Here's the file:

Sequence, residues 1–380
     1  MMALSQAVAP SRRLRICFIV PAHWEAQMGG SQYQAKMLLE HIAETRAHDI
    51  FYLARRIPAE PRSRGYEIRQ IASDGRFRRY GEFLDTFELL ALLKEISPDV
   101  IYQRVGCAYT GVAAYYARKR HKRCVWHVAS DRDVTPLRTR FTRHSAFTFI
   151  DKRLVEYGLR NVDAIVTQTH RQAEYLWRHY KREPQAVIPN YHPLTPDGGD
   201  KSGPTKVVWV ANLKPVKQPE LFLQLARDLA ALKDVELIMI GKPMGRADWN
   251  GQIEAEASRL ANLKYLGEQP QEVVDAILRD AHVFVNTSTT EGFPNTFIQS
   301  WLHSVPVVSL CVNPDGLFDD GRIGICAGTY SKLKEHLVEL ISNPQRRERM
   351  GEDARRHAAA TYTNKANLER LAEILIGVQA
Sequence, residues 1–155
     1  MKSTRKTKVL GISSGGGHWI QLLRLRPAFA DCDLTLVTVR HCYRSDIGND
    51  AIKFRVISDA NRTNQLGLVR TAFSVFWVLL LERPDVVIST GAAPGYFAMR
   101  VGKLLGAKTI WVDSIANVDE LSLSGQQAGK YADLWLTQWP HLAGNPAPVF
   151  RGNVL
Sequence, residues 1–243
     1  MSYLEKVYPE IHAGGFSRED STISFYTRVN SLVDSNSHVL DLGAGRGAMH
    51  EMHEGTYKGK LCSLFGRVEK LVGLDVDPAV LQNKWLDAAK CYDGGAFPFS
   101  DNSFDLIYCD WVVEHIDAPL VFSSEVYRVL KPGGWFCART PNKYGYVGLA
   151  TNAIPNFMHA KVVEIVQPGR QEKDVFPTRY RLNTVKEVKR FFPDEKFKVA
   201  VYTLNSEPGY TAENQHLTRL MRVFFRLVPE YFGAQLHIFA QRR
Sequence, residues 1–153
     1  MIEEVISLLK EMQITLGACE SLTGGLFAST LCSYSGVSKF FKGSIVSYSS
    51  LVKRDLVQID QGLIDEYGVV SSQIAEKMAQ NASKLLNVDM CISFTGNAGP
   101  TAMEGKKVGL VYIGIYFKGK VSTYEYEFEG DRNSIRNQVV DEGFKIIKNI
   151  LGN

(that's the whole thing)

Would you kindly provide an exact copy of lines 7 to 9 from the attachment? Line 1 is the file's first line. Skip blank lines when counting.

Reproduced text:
   251  GQIEAEASRL ANLKYLGEQP QEVVDAILRD AHVFVNTSTT EGFPNTFIQS
   301  WLHSVPVVSL CVNPDGLFDD GRIGICAGTY SKLKEHLVEL ISNPQRRERM
   351  GEDARRHAAA TYTNKANLER LAEILIGVQA